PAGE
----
Why the ransomware crisis suddenly seems relentless

Just weeks after a major US oil pipeline shocked by piratescyber attack hits The largest supplier of meat in the world. What’s Next? Will these criminals target hospitals and schools? Will they start hunting down American cities, governments, and even the military?

In fact, all of those are already infected by ransomware. While the attack we saw last month seems fresh, hackers holding services hostage and demanding payments have been huge work عمل for years. It has been dozens of American cities I broke down By ransomware, while Hospitals She was attacked even in the depths of the epidemic. And in 2019, . was released The US Army has been targeted. But this does not mean that what we see now is just a matter of consciousness. So what is the difference now?

It is the result of inaction

You cannot explain the spread of the ransomware crisis without examining years of American inaction. The global ransomware crisis has grown to incredible proportions during the presidency of Donald Trump. Even with the critical infrastructure of the United States, cities, And the oil pipelines The Trump administration has done little to address the problem, and it’s gone ignore him by most Americans.

The ransomware boom began at the end of Obama’s tenure in the White House, which he approached as part of his overall response to cybercrime. This involved putting agents on the ground around the world for tactical victories in otherwise uncooperative countries, but defending against such attacks has fallen off the priority list under Trump even as ransomware itself flourishes.

Today, the Biden administration is making an unprecedented attempt to address the problem. The White House said the hackers behind the Colonial Pipeline and GPS attacks are in Russia, with current efforts involving Homeland Security and the Department of Justice, but as President Biden plans to discuss the attacks at the upcoming summit with Vladimir Putin on June 16, the problem runs deeper than Just the relations between the two countries.

It is also the result of new tactics

When the ransomware industry was taking off half a decade ago, the business model for such attacks was fundamentally different – and much simpler. Ransomware gangs have started infecting vulnerable devices randomly without any care what exactly they do or who they target.

Today, the processes are more complex and the payments are much higher. Ransomware gangs are now paying specialized hackers.”big fishing game“And looking for huge targets that can pay huge ransoms. Hackers sell access to gangs who then extort. Everyone gets paid so great that it becomes increasingly irresistible – especially since gangs usually suffer no consequences.

There is a safe haven for criminals

This leads to the next dimension of the problem: hackers operate from countries where they can avoid prosecution. They run huge criminal empires and remain effectively immune to all attempts to rein in them. This is what Biden will present to Putin in the coming weeks.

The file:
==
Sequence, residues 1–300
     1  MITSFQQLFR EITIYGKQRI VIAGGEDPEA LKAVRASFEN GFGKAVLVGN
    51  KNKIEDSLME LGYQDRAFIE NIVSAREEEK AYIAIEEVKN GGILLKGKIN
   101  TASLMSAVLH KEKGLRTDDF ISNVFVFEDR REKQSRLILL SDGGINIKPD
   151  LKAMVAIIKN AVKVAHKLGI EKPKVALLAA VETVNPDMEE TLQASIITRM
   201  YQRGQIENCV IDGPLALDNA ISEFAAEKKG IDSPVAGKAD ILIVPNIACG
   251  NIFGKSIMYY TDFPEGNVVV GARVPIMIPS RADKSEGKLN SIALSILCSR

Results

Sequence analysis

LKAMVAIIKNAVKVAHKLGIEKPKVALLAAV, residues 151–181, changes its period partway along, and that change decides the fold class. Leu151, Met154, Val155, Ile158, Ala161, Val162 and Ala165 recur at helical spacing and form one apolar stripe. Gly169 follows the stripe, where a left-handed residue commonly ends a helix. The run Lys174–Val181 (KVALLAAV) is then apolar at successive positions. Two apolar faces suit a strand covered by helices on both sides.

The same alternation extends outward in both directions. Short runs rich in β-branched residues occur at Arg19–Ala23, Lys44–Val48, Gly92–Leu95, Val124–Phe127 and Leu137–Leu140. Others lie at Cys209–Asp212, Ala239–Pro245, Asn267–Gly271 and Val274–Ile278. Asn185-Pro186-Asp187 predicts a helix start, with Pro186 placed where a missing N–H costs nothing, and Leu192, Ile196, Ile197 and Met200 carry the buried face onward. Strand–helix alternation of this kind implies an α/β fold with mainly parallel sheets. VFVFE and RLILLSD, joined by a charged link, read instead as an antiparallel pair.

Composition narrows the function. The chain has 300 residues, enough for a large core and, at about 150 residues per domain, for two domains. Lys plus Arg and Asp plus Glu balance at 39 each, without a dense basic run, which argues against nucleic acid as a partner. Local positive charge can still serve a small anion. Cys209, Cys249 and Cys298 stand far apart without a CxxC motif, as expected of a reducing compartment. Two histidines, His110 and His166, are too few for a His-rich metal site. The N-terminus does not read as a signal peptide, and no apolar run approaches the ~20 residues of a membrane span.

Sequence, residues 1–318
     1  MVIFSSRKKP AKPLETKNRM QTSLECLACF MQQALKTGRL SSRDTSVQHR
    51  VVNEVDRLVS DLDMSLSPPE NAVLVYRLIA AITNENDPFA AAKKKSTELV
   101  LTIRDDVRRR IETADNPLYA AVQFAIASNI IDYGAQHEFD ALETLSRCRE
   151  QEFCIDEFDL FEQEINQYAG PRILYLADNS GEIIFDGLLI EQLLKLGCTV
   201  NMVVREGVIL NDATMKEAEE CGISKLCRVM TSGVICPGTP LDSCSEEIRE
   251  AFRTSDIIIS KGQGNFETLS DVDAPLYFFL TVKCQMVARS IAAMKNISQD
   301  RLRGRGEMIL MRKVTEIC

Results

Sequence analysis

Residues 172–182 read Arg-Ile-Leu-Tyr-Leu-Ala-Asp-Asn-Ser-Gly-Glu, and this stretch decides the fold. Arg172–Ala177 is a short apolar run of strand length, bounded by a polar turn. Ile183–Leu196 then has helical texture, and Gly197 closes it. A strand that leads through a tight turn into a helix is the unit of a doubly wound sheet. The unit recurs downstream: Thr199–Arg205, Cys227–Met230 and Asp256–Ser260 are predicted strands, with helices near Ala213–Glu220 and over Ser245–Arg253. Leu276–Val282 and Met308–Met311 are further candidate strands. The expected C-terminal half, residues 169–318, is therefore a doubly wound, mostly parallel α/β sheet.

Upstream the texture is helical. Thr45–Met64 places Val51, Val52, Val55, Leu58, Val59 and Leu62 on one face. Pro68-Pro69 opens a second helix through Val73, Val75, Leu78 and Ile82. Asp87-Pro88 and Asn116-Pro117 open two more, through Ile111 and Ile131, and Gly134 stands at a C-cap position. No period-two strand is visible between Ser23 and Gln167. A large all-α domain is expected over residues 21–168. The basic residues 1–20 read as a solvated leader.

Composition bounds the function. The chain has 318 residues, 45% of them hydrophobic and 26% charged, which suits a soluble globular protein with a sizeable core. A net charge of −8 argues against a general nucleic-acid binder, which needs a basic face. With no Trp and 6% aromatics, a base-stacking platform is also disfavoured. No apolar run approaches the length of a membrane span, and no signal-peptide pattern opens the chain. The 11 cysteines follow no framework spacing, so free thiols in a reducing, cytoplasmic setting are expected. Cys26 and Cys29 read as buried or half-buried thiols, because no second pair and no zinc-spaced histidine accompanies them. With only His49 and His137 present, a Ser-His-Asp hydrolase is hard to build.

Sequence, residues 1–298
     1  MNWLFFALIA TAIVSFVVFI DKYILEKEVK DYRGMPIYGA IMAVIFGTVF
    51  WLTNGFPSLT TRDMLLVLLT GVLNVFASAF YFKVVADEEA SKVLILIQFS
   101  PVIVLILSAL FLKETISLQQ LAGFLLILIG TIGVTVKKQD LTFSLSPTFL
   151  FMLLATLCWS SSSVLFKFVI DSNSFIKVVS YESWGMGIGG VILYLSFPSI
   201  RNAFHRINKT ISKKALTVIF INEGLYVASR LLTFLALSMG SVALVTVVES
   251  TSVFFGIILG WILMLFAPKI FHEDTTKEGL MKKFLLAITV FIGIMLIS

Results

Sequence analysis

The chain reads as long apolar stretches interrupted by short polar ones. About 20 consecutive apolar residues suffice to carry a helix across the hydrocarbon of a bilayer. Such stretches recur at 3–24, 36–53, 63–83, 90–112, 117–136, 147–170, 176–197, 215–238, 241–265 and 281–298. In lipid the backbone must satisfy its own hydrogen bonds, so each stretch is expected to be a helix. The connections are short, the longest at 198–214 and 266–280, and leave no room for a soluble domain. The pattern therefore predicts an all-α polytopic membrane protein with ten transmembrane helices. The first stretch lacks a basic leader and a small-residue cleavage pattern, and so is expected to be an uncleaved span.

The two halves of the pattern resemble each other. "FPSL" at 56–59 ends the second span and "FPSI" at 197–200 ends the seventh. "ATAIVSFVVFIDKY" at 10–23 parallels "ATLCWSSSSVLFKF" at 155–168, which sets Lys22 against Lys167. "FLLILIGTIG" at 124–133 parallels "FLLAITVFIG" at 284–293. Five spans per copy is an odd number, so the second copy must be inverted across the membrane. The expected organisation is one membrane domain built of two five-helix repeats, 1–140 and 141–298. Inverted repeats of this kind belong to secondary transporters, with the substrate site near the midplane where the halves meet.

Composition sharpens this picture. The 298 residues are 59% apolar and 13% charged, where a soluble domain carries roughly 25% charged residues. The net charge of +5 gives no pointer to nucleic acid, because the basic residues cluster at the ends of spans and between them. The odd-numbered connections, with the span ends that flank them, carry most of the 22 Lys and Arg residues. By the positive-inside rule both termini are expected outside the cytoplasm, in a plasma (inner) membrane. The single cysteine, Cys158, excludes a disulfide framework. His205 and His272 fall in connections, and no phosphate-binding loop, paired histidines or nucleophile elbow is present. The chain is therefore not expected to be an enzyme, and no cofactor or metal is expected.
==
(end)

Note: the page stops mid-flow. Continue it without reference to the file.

The problem extends well beyond Russia and, to be clear, is not as simple as Moscow directing hackers. But the Kremlin’s tolerance of cybercriminals – and sometimes even direct cooperation with them – is a real contributor to the burgeoning criminal industry. To change that, America and other countries will have to work together for it face countries Who would otherwise see no problem with American hospitals and pipelines held for ransom. The safe haven of cybercriminals, along with the mostly unregulated cryptocurrency used to facilitate crime, has made it very favorable for hackers.

We are all more connected and insecure than ever before

Then there is the unavoidable fact that poor cybersecurity combined with ubiquitous connectivity equals increasingly vulnerable targets. Everything in America – from our factories to our hospitals – is connected to the Internet, but much of it is not sufficiently secured.

Globally, the free market has repeatedly failed to solve some of the world’s biggest cybersecurity problems. This may be because the ransomware crisis is a problem on a scale that no private sector can solve on its own.

As ransomware and cybercrime increasingly become a threat to national security – and one that risks harming humans, as in the case of attacks on hospitals – it has become clear that government action is required. So far, officials from the world’s most powerful nations have mainly succeeded in watching the disaster unfold.

While that, What must happen to change This is a global partnership between countries and companies to tackle ransomware on its head. There is momentum to change the status quo, including a A recent major executive order for cybersecurity outside the White House. But the work is only at the beginning.

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